Some may have noticed that I’ve been posting just a little bit less this year as I have in the past—still hitting all the main high points in the season, but fewer of the traveling recaps and extra stuff I used to do. While this may be true, I can assure you that I haven’t been spending any less time thinking and writing about roller derby, I’ve just been focusing those energies toward a different project: a full length non-fiction book about the sport titled Eight-Wheeled Freedom: The Derby Nerd’s Short History of Flat Track Roller Derby that is nearing completion and will be released in Spring 2016 through Wolsak and Wynn.
There are, of course other reasons as well. I’ve been writing a column on WFTDA Canadian roller derby for Jammer Line and I’ve felt less pressure as there have arisen other great resources for derby news out of the ashes of DNN (among others); namely, Derby Central and even Derby Notes, which—even if I don’t always agree with the opinions expressed—is capable of producing very informative articles on the game. And of course, I’ve been on the road as part of the broadcast crew for this year’s WFTDA playoffs.
So yes, while my focus has shifted, I’ve still been immersing myself in the game: I’ve been following it as closely as ever, I’ve been researching its place in contemporary culture—how and why it has evolved the way it has. Eight-Wheeled Freedom is part sociological study, part memoir and part historical recounting of the 21st century revival of the sport of roller derby as a flat track game primarily played by women; there is a particular focus on the development of the game since it came to Canada in 2006.
While told from my point of view, it is not really a memoir in any traditional sense, but the structure of the text mirrors my growing understanding of the game and community right alongside flat track roller derby’s own growth. Also, while the text will provide a historical overview of the revival, it is not just a history book, and the focus is on why the sport has become so established in light of past failures of roller derby to inspire a grassroots movement. Another important focus of the text is the game’s evolution from sports entertainment spectacle to a complex, competitive endeavor.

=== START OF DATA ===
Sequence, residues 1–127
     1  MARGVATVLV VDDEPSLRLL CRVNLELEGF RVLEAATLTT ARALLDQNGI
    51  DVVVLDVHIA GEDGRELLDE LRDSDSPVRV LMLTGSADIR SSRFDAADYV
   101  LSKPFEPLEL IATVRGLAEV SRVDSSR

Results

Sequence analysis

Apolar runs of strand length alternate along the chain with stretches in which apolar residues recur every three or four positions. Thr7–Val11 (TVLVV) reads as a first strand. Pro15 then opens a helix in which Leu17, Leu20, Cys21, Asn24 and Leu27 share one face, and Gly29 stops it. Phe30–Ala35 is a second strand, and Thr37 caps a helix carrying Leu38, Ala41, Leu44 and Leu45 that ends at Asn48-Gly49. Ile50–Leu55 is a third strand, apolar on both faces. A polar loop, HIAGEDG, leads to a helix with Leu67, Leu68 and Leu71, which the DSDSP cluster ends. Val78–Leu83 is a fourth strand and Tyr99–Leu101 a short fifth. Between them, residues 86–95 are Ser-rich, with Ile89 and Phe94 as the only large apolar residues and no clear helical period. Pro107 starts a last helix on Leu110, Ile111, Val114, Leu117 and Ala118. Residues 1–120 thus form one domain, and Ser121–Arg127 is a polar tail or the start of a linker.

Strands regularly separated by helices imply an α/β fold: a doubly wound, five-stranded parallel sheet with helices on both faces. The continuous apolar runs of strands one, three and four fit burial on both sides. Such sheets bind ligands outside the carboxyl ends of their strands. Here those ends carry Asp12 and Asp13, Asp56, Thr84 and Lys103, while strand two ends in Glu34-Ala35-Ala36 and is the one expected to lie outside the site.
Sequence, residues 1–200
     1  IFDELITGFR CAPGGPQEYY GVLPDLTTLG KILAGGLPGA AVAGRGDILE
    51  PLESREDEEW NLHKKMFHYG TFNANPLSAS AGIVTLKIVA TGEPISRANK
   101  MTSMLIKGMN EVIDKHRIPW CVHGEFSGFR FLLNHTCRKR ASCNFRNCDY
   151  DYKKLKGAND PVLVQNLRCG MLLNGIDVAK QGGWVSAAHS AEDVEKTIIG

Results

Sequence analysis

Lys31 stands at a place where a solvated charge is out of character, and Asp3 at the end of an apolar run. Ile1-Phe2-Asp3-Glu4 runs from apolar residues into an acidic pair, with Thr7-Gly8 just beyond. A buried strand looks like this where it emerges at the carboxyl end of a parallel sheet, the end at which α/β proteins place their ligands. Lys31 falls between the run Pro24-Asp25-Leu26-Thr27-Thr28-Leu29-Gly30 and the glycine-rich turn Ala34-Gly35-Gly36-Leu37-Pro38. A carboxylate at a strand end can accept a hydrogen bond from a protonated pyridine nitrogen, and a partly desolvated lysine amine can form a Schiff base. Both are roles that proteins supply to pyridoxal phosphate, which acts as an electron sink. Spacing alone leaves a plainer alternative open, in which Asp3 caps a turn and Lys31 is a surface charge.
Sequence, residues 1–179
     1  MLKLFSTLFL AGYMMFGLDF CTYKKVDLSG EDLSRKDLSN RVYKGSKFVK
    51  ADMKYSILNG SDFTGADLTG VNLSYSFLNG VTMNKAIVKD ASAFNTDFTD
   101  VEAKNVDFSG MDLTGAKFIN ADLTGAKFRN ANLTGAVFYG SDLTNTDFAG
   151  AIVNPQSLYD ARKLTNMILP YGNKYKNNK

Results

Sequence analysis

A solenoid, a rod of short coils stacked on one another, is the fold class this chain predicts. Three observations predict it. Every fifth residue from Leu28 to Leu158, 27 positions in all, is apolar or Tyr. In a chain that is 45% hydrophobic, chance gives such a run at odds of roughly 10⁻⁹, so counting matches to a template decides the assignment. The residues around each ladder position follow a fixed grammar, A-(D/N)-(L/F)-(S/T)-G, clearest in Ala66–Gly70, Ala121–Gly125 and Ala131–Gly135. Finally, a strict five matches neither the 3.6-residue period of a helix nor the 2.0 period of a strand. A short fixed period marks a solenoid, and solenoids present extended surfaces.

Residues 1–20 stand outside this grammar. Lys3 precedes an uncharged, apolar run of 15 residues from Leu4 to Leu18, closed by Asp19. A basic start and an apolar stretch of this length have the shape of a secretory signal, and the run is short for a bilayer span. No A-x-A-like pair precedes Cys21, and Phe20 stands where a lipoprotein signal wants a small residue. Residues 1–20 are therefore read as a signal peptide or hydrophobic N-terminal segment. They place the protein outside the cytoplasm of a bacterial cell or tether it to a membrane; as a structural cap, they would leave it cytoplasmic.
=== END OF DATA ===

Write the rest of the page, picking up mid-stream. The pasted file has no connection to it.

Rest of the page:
The layout of the book is not chronological, but instead moves thematically in its exploration of the game and the surrounding community, tackling historical moments through an explanation of the cultural significance of the events. For example, a chapter on the influential 2006 A&E television show Rollergirls is framed around a discussion of roller derby’s role in third wave feminism. Another chapter looking at the history of Toronto Roller Derby’s relationship with Toronto Pride and the Pride-affiliated roller derby event that features an international all star game also examines the role that the sport has had in the LGBTQ community and, in turn, the influence this community has had on the development of the game.
With the WFTDA celebrating its 10th anniversary and the Canadian game about to celebrate a decade-long existence as well, it seemed like the perfect time to tell the story of flat track roller derby.
Some of you may recognize that Wolsak and Wynn also published my first book, David Foster Wallace Ruined my Suicide, and did an excellent job on it, so the book and the story are in good hands. That book’s designer, the excellent Marijke Friesen, returns as well. Work on the text is nearing completion with work on layout and other formatting concerns beginning as well, and keep an eye out for a book-specific website launching in the new year.
For now, stay tuned for updates on the final stages in the development of Eight-Wheeled Freedom.
Thanks readers and roller derby fans for your continued support!